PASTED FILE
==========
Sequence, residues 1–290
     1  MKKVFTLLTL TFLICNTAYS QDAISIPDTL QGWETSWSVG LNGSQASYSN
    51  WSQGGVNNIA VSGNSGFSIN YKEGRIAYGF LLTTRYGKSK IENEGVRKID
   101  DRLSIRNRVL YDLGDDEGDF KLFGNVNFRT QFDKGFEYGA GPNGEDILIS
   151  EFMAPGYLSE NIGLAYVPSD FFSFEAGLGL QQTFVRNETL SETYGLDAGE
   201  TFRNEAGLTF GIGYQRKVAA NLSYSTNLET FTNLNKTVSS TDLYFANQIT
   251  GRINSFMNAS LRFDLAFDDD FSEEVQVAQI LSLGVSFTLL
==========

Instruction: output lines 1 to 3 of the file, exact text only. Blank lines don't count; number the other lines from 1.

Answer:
Sequence, residues 1–290
     1  MKKVFTLLTL TFLICNTAYS QDAISIPDTL QGWETSWSVG LNGSQASYSN
    51  WSQGGVNNIA VSGNSGFSIN YKEGRIAYGF LLTTRYGKSK IENEGVRKID